New Readers Ordained for the Melkite Eparchy of Newton

A Reflection by Reader Riley Winstead

Bishop Nicholas Samra of the Melkite Eparchy of Newton recently called me and fellow-seminarian, Mikhael Naddaf, to the order of reader.  We were ordained to this minor order at our home parish in McLean, Virginia – Holy Transfiguration – at evening vespers on Saturday, the 16th of November 2019.

The Reader is the lowest rank of orders. The office of Reader is a commitment to Christ and to the Melkite Church that we will serve through chanting the Scriptures, a responsibility we take seriously. Though it is a minor order, that does not mean that the commitment is unimportant: the Scriptures we will chant in the Divine Liturgy must also be proclaimed by our lives. Christ supplies the Church with many gifts and callings, all of which work together to build up the Body of Christ (I Cor. 12:4-12). In a major ordination, the Bishop prays for the Spirit to fulfill what is lacking, and this is generally understood to refer to the man being ordained, to strengthen his human weakness with divine grace. This prayer can also be understood as a petition to fulfill what is lacking in the parish community: if someone is not engaged in the parish or an order of clergy is missing, something is lacking. Similarly, the minor orders reflect vital roles in the community; in this case, that role is to proclaim the Scriptures liturgically, to assist in chanting the divine services, and to live the Scriptural truths proclaimed in the liturgy.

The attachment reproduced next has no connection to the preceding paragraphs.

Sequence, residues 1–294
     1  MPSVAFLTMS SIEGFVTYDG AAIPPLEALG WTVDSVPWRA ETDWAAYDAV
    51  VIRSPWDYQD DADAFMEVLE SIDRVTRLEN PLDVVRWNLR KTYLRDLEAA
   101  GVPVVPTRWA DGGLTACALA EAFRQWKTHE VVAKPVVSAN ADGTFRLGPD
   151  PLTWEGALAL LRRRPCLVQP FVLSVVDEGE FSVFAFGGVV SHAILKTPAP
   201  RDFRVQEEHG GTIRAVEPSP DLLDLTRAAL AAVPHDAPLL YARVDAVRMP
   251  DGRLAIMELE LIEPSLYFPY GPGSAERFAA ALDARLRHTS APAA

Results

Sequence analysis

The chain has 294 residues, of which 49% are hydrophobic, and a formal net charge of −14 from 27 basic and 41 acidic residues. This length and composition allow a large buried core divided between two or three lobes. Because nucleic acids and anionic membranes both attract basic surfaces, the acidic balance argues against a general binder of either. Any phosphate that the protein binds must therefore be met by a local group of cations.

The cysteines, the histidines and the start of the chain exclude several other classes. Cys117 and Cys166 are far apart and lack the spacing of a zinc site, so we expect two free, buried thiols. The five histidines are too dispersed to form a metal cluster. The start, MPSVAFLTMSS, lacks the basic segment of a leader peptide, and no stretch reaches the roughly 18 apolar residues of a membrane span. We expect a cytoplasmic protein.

Just like the engagement of the families of the parish fill the community with life, joy, and zeal, so too do the ranks of clergy fill the church with specific ministerial functions. We all benefit from each other’s commitment to Christ and to the local parish community. I pray that our own human frailty will not be an obstacle to God’s divine work in and through us, and that we will be strengthened to serve the community that we love. In the wake of the loss of our beloved pastor Fr. Joseph, his memory and legacy gives us a model of the servant leadership that characterizes the service of the clergy.

Both Mikhael and I have taken this step together, but this is only the beginning as we continue our studies in the Seminary. We will continue working at improving our chant, continuing our academic studies, and improving ourselves in all aspects of formation so that we can be better instruments of Christ in his Church.

I think it is fitting that the ordinations took place in the beginning of the Nativity Fast, as this highlights the spiritual preparation we undergo during our time in the Seminary. Now that we have accepted this office, we must be faithful to it, so that even in the lower orders, our faithfulness to Christ in smaller matters may lead to faithfulness in greater responsibilities we will undertake in the future (Luke 16:10).

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